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Don't write off Mozilla-Google revenue deal as dead

A deal to share Firefox-driven search-ad revenue with Mozilla expired in November--but it's still in effect while the two organizations renegotiate.

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Mozilla and Google are renegotiating a deal by which Google shares ad revenue that results from searches the browser drives to its site.

The partnership, which Mozilla renewed in 2008 for three more year, was set to expire in November. With that deadline and a noncommittal comment from Mozilla, Ed Bott, who blogs at ZDNet, surmised in a headline: "Google deal apparently ends."

But apparently there's some wiggle room in the organizations' relationship and the Googlebucks are still making their way across Mountain View.

"We generally don't disclose specific terms of business agreements. We can confirm that we still have an agreement with Mozilla, but have nothing new to share at this time," Google said in a statement today to CNET News.

Mozilla added that the two are in negotiations:

Our search relationship with Google remains positive for both of us. We are in active negotiations and have nothing further to announce at this time. We have every confidence that search partnerships will continue to be a strong and growing generator of revenue for the foreseeable future.

Mozilla, although a nonprofit, needs money to operate. Google provides the lion's share of it--most of the Mozilla's $120 million in 2010 revenues, for example. Mozilla's statement about "search partnerships" leaves the door wide open for other search engines, but I'd be surprised if either party backs out.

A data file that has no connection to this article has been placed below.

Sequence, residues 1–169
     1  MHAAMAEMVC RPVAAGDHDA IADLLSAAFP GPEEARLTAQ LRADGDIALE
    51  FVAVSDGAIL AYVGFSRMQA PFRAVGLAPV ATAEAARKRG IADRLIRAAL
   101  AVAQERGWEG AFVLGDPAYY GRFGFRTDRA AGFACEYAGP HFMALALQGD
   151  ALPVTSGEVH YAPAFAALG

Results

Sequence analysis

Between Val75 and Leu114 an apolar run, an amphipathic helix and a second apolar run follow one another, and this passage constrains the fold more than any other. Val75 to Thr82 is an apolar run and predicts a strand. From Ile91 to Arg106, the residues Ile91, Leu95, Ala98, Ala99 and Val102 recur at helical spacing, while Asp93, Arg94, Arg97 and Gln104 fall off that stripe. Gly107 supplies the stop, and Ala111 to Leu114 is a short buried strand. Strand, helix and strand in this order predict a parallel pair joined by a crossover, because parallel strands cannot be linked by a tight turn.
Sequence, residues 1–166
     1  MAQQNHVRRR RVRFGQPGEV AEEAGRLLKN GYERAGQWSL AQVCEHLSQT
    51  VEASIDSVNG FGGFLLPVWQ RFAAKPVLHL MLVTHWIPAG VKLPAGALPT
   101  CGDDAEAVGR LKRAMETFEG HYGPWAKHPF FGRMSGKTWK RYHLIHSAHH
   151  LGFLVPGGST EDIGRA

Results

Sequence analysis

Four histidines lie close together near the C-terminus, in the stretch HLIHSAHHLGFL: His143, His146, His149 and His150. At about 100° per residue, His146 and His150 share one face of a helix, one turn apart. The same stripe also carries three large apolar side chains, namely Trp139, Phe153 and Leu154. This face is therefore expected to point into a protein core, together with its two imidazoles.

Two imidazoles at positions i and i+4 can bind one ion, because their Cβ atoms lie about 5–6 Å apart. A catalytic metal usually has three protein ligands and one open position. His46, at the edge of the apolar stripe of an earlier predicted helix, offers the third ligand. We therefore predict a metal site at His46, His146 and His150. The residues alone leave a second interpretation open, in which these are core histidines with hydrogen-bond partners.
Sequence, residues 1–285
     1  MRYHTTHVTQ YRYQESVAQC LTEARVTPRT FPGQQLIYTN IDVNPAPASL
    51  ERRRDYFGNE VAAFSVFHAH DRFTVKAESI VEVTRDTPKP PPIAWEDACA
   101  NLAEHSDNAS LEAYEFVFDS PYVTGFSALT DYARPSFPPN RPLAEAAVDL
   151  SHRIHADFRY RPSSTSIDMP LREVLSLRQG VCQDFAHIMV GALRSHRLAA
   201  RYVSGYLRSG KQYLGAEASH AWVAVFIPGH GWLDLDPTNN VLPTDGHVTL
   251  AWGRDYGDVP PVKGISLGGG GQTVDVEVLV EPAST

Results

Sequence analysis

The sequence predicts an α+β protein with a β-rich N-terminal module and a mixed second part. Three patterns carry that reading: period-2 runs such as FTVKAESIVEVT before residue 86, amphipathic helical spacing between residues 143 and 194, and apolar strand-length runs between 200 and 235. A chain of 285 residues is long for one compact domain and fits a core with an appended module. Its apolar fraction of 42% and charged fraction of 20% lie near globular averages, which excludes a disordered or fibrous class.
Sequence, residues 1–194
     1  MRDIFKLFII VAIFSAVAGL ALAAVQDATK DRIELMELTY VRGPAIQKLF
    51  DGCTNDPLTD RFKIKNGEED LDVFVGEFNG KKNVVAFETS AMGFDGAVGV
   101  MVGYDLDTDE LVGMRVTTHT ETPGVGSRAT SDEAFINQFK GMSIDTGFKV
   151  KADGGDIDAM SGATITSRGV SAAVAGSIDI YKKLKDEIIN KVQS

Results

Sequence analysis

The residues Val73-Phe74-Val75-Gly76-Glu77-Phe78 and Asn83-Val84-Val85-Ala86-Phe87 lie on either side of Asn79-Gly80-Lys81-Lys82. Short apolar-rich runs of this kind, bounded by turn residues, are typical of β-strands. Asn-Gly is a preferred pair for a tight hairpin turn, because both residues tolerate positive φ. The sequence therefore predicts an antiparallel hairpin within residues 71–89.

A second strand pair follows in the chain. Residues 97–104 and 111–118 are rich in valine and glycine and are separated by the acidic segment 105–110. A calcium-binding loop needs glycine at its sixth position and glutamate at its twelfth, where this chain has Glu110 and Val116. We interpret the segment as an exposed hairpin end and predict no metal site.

With Chrome, Google of course has its own browser now, and clearly the company's competitive juices are flowing. But the overall objective of Chrome is to speed up the Web and improve it as a foundation for applications, not to squeeze other browsers off the Internet.

Mozilla is hedging its bets a little. Mozilla introduced Microsoft's Bing as a search-engine option with Firefox 4 earlier this year, and in October, Mozilla released a version of Firefox with Bing as the default search engine. Google remains king of the mountain for search, but such baby steps let Mozilla work out the kinks if it has to change.

Because, let's face it, Microsoft would love to have Firefox pointing its search traffic toward Bing. It's not clear how many people would change a Bing default setting back to Google, and if they did whether Google would continue to share search-ad revenue with Mozilla, but at a minimum, Mozilla has a little bargaining leverage here.

Chrome is gaining at Mozilla's expense in the fraction of browser usage, but even if Chrome edges out Firefox for second place, millions of people still will be using it. Does Google really want those people using Bing?